The main goal of the book is to emphasize the ways that sport contributed to the British military from 1880 to 1960, and this the authors do admirably, stressing four major themes. First, they admit that the role of sport as a preparation for war is open to interpretation, but they argue that the importance of sport for the military was less about instilling aggression than about building physical fitness, morale, and unit cohesion. Total war was not a ‘sporting’ practice, and as the Victorian sportsmen who compared it to a greater game were replaced by those who had experienced the battles of the Great War, the analogy of sport as war (and war as sport) was replaced by admission of sport’s tangible benefits for the military, both during war and in peacetime. Second, Mason and Riedi confirm that sports contributed to increasing morale and strengthening esprit de corps in important ways. All three branches of the British military recognized these benefits, illustrated by the formation of sport control boards following the First World War. Third, the authors question whether sport had any tangible benefits for military recruitment and acknowledge that the answer is unclear. While sport may have made joining the military attractive, it is true that there were other perks, though the availability of facilities, equipment, and time to play were certainly appealing. Finally, Mason and Riedi conclude that sport did increase and improve civilian-military interaction. Sport was a bridge between both worlds and the prestige of good sportsmen created a positive public image for the military. There were certainly conflicts about the role of sport in the military, including the level of focus on sport as opposed to military priorities and the tension between professional and amateur ethics, but it was an important part of military life between 1880 and 1960.
Although this book is a fine examination of sport in British service, there are a few minor criticisms. For example, the second chapter examines pre-war officer sport but focuses only on equestrian activities. While these were certainly important, examining other sports played by officers would broaden the themes and arguments raised in this chapter and continued throughout the book. Also, the context for the development and formation of the Royal Air Force would smooth its sudden entrance into the fourth chapter. And while the end date of 1960 is explained by the end of national service, the somewhat abrupt ending of the conclusion could have been strengthened by a few lines about the role of sports in the military post-1960. In addition, while the role and popularity of cricket is highlighted in other works, discussion of the game is interestingly muted here.(4) However, these criticisms are small and should in no way detract from Mason and Riedi’s very fine work.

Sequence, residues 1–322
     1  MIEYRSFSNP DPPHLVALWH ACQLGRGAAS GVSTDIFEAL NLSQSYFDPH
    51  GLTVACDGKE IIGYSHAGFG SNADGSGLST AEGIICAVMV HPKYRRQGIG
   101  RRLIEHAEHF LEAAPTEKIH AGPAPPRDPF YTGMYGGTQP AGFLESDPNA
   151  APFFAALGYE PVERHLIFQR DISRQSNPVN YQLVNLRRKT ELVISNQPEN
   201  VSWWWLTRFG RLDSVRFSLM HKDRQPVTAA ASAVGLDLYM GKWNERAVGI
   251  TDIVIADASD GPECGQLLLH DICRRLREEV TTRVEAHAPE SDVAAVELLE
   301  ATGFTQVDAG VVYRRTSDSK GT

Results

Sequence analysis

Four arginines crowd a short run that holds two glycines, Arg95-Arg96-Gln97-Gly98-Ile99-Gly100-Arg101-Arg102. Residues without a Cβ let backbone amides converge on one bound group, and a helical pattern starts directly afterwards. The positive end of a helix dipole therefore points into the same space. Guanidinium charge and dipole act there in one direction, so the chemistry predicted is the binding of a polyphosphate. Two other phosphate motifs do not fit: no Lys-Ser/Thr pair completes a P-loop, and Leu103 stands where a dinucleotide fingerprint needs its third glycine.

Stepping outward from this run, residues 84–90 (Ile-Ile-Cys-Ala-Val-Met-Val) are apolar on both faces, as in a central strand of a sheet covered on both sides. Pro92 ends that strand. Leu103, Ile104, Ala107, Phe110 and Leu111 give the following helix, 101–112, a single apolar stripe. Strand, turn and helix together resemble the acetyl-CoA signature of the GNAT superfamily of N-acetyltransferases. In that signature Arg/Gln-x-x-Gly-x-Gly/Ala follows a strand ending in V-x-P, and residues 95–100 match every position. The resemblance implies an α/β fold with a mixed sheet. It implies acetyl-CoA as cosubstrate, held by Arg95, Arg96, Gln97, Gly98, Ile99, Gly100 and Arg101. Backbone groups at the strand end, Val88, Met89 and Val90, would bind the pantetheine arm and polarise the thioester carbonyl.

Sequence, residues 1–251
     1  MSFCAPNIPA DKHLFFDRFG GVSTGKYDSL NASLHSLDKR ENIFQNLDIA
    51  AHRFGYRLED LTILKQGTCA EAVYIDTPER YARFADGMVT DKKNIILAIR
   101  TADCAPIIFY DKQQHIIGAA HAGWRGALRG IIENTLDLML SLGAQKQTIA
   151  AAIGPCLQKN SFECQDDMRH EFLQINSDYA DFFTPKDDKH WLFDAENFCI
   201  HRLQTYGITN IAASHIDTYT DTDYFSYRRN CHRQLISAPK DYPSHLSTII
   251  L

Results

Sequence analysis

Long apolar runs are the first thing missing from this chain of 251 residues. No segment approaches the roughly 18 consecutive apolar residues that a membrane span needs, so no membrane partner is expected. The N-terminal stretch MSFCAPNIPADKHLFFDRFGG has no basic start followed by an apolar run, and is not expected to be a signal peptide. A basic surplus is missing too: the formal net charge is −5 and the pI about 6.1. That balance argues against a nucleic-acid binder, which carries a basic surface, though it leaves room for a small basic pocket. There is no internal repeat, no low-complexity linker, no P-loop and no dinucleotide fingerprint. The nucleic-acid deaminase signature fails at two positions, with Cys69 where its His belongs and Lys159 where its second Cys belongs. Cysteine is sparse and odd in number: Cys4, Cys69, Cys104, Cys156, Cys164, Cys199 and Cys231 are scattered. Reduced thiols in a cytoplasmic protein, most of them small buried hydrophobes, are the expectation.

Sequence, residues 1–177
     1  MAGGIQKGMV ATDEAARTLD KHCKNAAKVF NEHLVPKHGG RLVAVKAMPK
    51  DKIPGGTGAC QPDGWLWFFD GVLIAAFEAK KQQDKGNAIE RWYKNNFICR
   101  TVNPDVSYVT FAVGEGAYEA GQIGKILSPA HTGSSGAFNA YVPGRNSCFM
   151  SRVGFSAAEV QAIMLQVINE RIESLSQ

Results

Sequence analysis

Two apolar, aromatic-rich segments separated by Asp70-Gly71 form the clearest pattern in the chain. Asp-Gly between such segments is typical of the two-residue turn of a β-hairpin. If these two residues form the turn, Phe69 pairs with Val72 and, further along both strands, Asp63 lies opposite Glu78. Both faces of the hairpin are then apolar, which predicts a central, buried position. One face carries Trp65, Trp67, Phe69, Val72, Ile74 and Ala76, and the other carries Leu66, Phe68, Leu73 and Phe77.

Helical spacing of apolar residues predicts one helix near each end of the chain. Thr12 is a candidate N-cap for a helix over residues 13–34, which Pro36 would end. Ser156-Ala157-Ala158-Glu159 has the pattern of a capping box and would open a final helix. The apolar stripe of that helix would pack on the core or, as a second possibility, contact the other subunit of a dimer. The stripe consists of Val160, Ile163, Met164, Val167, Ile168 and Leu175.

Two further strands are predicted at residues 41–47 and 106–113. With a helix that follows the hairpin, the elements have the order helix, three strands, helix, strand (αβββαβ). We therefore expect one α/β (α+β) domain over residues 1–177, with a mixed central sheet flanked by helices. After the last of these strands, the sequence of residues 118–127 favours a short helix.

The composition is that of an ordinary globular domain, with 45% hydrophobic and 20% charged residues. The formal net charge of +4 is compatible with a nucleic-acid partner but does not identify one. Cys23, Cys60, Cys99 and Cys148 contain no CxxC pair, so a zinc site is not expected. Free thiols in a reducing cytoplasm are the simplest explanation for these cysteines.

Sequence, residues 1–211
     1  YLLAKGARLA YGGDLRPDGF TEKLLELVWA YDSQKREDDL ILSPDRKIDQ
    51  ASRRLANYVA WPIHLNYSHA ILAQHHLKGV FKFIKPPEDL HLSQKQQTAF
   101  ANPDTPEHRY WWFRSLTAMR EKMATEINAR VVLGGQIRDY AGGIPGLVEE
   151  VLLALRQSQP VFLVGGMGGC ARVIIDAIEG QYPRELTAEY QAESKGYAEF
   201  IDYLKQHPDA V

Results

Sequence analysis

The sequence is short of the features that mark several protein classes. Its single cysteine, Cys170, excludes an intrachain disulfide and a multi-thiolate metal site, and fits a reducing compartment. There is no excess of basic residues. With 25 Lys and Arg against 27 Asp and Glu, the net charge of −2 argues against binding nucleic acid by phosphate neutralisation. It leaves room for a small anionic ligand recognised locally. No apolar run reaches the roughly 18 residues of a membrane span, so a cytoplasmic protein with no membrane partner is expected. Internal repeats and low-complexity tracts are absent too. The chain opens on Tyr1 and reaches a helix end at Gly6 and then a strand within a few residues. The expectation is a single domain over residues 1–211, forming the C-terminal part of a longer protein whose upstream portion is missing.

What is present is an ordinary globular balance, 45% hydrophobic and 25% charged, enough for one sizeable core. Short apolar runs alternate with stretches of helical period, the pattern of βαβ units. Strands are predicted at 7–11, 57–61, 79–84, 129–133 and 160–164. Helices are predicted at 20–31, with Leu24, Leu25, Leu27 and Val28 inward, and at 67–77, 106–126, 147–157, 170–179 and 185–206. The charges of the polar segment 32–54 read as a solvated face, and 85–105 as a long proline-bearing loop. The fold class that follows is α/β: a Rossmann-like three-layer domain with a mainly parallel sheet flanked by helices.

Overall, this book is a strong contribution to the literature on sports and military history. Mason and Riedi’s book is a beautiful examination of how sport became so integral to the British military between the late Victorian and the post-Second World War eras. Well-written and well-organized, with lively and engaging prose, this book will be appreciated not only by historians of sport and the military, but also by anyone interested in Britain’s social and cultural life throughout the late 19th and early 20th centuries.
- R.S. Surtees, Handley Cross; or, Mr. Jorrocks’s Hunt (London, 1854), p. 130.Back to (1)
- See D. L. Lemahieu, ‘The history of British and American sport. A review article’, Comparative Studies in Society and History, 32, 4 (1990), 838–4.Back to (2)
- J. D. Campbell, ‘The Army isn’t all work: physical culture in the evolution of the British Army, 1860-1920’, (Unpublished Ph.D. thesis, University of Maine, 2003). See also his article, ‘”Training for sport is training for war”: sport and the transformation of the British Army, 1860–1914’, International Journal of the History of Sport, 17 (December 2000), 21–58.Back to (3)
- For example, see Ross McKibbin, Classes and Cultures: England 1918–1951 (Oxford, 1998).Back to (4)
The authors are happy to accept this review and do not wish to comment further.
This book is also now available in paperback at a rather more affordable £19.99.